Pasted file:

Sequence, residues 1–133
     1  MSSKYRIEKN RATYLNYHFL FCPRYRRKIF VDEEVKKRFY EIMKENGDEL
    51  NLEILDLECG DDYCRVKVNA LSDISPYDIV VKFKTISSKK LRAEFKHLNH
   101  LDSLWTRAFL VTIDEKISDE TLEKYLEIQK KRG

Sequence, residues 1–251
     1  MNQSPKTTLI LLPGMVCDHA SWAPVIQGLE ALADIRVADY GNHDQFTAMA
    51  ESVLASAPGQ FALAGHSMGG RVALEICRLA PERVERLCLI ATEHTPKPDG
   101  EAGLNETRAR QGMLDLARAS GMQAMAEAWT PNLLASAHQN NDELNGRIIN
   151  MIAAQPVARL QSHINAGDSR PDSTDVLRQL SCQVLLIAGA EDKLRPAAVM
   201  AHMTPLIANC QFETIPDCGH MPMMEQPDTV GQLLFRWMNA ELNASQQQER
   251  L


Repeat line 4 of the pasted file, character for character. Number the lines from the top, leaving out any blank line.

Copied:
   101  LDSLWTRAFL VTIDEKISDE TLEKYLEIQK KRG